11. Giant Pandas
Image Credits: Wikipedia
Cute and cuddly pandas (mind you, not the kung-fu-fighting ones) are loved by young or old. Visit the pandas’ hometown in Chengdu to see them in their natural habitat. The Chengdu Panda Center is located in the northern part of the city. There are three places to see pandas up close: Chengdu Panda Breeding and Research Center, Bifengxia Panda Base and Dujiangyan Panda Valley.
12. Beijing’s Summer Palace
Image Credits: Alex Pierre
Beijing’s summer palace was originally built in 1750 but was destroyed during war in 1860. In the year 1886, the palace was restored to its original structure. The Summer Palace is another great garden design of Chinese landscape. A handful of hills and lakes complement man-made features like palaces, temples, pavilions and bridges.
13. Suzhou’s Elegant Water Towns and Gardens
Image Credits: Wikipedia
China’s water towns like in Suzhou are the epitome of traditional Chinese villages. In Suzhou, you’ll find ancient wooden houses that line waterways, punctuated by stone bridges that will take you back in time to ancient China.
14. Xidi Village
Image Credits: Llee_wu
Xidi Village is fondly called as Xixi because of the three brooks that run from east to west. But there was a relay station in the western part of the village, the name was changed to Xidi. The village has a rich history of almost 1000 years under its belt and served as a witness to Ming and Qing dynasties while sitting at the southern foot of Mt. Huangshan. It has over a hundred well-maintained old folk houses and a number of preserved and exquisite gardens.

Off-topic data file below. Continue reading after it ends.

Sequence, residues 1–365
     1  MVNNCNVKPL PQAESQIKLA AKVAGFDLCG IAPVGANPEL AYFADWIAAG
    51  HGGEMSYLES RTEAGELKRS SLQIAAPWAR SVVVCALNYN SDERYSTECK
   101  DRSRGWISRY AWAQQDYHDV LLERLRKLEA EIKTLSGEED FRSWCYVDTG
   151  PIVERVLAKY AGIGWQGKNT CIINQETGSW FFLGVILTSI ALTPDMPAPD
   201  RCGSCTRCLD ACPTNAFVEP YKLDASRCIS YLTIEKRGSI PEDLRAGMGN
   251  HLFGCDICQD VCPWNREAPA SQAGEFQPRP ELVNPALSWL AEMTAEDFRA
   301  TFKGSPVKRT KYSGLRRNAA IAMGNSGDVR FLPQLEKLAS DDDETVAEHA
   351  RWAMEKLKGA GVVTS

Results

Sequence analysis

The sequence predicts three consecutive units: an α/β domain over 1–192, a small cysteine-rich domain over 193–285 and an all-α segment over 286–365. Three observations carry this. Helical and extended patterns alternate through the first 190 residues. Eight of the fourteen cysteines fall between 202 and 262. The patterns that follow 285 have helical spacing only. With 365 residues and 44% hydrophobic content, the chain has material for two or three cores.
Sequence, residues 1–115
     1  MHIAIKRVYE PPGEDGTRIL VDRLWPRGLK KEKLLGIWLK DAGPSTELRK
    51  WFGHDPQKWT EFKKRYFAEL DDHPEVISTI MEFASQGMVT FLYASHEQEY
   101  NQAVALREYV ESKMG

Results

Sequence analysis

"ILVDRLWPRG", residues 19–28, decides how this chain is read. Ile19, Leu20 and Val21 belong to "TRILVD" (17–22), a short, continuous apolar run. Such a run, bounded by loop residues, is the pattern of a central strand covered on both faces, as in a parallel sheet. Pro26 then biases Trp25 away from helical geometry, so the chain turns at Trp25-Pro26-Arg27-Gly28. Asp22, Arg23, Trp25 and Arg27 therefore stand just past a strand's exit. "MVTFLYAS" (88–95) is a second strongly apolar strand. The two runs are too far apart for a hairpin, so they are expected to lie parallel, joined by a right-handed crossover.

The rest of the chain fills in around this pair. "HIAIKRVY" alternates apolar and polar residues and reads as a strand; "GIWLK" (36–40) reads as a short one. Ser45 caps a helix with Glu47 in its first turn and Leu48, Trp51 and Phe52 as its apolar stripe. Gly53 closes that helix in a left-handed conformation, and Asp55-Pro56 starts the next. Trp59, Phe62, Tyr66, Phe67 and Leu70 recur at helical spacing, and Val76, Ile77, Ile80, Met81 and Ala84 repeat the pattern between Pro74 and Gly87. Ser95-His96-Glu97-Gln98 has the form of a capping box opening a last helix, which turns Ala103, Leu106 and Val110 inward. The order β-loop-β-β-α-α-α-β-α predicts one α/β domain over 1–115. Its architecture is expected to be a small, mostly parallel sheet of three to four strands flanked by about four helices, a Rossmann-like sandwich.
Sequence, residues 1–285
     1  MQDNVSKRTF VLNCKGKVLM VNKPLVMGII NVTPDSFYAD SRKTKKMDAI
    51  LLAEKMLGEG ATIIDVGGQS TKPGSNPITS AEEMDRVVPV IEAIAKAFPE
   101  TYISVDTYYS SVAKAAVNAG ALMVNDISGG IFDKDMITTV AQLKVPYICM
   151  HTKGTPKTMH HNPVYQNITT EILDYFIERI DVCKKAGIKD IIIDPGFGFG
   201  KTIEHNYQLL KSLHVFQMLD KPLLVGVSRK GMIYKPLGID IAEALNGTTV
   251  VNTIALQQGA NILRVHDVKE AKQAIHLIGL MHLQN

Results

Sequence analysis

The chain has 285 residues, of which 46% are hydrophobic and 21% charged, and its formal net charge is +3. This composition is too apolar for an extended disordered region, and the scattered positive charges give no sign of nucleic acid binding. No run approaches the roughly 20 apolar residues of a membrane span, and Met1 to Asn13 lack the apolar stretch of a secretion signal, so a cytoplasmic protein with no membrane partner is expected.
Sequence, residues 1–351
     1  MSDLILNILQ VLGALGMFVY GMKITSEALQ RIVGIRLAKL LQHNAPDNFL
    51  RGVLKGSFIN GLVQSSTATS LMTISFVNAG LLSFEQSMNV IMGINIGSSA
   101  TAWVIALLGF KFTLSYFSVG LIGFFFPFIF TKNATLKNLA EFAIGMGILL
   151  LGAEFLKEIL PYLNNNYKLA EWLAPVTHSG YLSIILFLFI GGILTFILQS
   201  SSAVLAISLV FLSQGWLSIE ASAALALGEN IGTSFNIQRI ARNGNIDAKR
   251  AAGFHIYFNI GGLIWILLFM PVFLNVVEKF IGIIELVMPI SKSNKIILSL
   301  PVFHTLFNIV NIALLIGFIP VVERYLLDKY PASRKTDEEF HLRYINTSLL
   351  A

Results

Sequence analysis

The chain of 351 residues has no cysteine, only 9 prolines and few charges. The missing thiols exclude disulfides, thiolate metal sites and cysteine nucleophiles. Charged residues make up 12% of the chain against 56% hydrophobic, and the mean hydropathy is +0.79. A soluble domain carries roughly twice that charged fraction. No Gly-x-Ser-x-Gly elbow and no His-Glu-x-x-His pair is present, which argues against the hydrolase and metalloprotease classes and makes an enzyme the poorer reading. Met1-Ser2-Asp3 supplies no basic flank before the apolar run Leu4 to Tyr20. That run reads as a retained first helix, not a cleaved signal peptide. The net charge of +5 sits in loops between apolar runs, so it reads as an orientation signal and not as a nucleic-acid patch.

15. Hongcun Village
Image Credits: Luo Shaoyang
Hongcun is located in the southwestern foot of The Yellow Mountains that stretches an area of about 28 hectares. A part of Hongcun is an old village that spreads 19.11 hectares of land. The village also made an appearance in Ang Lee’s movie Crouching Tiger, Hidden Dragon. It stood through the test of time and has garnered about 900 years’ worth of history. March and April is the perfect time to see flower blossoms and early November is a good time to visit for viewing autumn colours.
16. Temple of Heaven
Image Credits: 月明 端木
The Temple of Heaven symbolised the relationship between heaven and earth – God’s world and human world – which stands at the heart of Chinese cosmogony. Emperors played a special role in the relationship. China was ruled by series of feudal dynasties for over two thousand years, the legitimacy of which was depicted through the temple’s design and layout.